This Fund is managed by experienced fund manager Terry Smith. The Fundsmith Equity is focused on good-quality businesses which he believes will deliver strong cash flows into the future, regardless of the economic background. This approach has tended to result in a bias towards companies with a strong brand or franchise, and those which own significant intellectual property, such as patents, trademarks and copyrights.

Discrete calendar year performance

07/06/12 – 07/06/1307/06/13 – 07/06/1407/06/14 – 07/06/1507/06/15 – 07/06/1607/06/16 – 07/06/17
27.25%10.17%23.41%20.07%36.56%

Cumulative performance

3 months6 months1 year3 years5 years
6.69%22.68%36.56%102.35%183.67%

You can find out more about the Fundsmith Equity fund through our partner, Hargreaves Lansdown.

#2 Royal London Sustainable Fund

The Royal London Sustainable Fund invests in companies that operate in a responsible way and provide services that tackle global issues like climate change, world health and population growth. These issues are providing new and exciting investment opportunities. Fund Manager Michael Fox believes companies who address these issues are better placed to generate good long term performance.

Discrete calendar year performance

07/06/12 – 07/06/1307/06/13 – 07/06/1407/06/14 – 07/06/1507/06/15 – 07/06/1607/06/16 – 07/06/17
24.29%11.91%14.22%4.38%28.51%

Cumulative performance

3 months6 months1 year3 years5 years
4.84%17.05%28.51%53.22%113.11%

You can find out more about the Royal London Sustainable Fund through our partner, Hargreaves Lansdown.

#3 Scottish Mortgage Investment Trust

The Scottish Mortgage Investment Trust is a FTSE100 listed company. The Investment Trust’s takes positions in global firms that Fund Manager, James Anderson believes are at the cutting edge of new technologies and business ideas.

Cumulative performance

3 months6 months1 year3 years5 years
14.53%30.09%55.21%99.75%208.3%

You can find out more about the Scottish Mortgage Investment Trust through our partner, Hargreaves Lansdown.

#4 Legal & General International Index Trust

This is an index tracking fund, or passive fund, that replicates the performance of the FTSE World excluding UK index. The fund invests in several thousand companies from developed countries around the world, excluding the UK where predefined rules dictate the investments included and their proportion within the fund.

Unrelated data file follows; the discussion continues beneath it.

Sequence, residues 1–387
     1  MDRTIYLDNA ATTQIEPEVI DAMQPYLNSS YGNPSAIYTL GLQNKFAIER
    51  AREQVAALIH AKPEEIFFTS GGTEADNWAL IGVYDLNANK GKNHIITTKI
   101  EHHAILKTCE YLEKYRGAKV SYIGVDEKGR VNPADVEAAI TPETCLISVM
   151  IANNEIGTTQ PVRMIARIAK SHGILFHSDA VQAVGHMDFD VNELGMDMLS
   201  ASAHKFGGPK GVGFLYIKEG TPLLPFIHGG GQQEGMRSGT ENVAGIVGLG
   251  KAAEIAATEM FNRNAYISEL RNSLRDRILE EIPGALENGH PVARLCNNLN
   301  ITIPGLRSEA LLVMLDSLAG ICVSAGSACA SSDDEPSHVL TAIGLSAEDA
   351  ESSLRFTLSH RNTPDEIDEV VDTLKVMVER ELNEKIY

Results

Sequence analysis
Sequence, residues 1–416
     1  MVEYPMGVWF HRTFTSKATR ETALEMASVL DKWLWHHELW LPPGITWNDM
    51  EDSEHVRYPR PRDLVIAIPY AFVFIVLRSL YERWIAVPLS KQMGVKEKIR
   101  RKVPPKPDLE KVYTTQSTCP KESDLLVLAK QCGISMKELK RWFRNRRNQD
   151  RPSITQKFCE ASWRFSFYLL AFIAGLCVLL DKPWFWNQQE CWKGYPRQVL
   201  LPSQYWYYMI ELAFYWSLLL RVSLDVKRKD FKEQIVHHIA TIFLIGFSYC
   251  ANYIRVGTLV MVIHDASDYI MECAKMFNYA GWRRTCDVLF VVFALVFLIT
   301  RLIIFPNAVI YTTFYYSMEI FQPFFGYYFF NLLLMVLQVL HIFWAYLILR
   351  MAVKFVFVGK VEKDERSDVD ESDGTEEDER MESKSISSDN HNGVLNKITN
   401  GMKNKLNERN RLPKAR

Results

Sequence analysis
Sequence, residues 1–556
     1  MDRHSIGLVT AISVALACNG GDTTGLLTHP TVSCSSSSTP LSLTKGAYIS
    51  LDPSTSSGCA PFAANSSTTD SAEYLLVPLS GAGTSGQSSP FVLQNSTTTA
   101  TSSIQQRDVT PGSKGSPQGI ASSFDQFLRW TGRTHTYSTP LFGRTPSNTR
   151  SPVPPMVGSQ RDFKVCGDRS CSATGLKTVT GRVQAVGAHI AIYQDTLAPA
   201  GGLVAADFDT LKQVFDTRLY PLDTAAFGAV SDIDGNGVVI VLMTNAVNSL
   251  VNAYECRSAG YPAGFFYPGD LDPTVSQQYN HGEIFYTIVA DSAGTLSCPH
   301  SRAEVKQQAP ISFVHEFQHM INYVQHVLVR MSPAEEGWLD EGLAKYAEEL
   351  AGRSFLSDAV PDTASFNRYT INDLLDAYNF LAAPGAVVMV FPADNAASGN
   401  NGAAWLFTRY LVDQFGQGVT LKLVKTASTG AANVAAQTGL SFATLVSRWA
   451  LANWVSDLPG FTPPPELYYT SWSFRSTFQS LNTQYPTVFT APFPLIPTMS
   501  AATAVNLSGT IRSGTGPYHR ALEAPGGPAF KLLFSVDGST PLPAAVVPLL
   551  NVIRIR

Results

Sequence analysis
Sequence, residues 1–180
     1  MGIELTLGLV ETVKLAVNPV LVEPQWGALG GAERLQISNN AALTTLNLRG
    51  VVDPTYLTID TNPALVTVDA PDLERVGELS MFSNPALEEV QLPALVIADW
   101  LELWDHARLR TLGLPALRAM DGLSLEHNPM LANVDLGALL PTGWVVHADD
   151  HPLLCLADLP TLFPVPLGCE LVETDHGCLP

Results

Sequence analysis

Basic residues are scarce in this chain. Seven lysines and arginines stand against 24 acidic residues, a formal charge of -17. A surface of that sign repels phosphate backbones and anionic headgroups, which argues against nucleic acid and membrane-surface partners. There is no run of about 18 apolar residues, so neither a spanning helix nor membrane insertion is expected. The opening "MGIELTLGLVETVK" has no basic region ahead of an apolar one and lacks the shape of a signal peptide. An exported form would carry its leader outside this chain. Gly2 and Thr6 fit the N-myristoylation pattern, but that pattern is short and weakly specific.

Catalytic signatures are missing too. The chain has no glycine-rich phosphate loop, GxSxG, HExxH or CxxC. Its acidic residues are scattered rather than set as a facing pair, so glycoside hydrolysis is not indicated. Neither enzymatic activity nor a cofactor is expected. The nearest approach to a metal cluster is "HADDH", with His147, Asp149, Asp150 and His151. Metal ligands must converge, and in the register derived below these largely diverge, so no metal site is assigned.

Discrete calendar year performance

07/06/12 – 07/06/1307/06/13 – 07/06/1407/06/14 – 07/06/1507/06/15 – 07/06/1607/06/16 – 07/06/17
n/an/a14.03%2.96%32.2%

You can find out more about the Legal and General International Index Trust through our partner, Hargreaves Lansdown.

#5 CopyFunds AllStocks

The social trading platform from eToro provides an AllStocks Copyfund which enables investors to gain exposure to a global-wide index through the world’s leading Indices using Contracts for Difference. The AllStocks fund includes the Dow Jones, Standard & Poors 500, Nasdaq 100, Nikkei 225, FTSE100, CAC 40, DAX 30, ASX 200, IBEX 35 and the EUROSTOXX 50,

Discrete calendar year performance

2017201620152014
7.7%11.66%0.47%4.45%

You can find out more about the AllStocks CopyFund through our partner, eToro.

Please note this article does not constitute investment advice. Investors are encouraged to do their own research beforehand or consult a professional advisor.

Michael Morton

Michael Morton

Michael has worked within the Financial Industry for more than 20 years. Starting out as a financial analyst, he has extensive experience working with fund management groups and brokerages.

With an interest in Stocks and Shares, Funds, ETFs and Commodities, his investment focus is medium to long term gains, with the objective of financial security on retirement, and building wealth for his young children for their adult life. His broker of choice is Hargreaves Lansdown.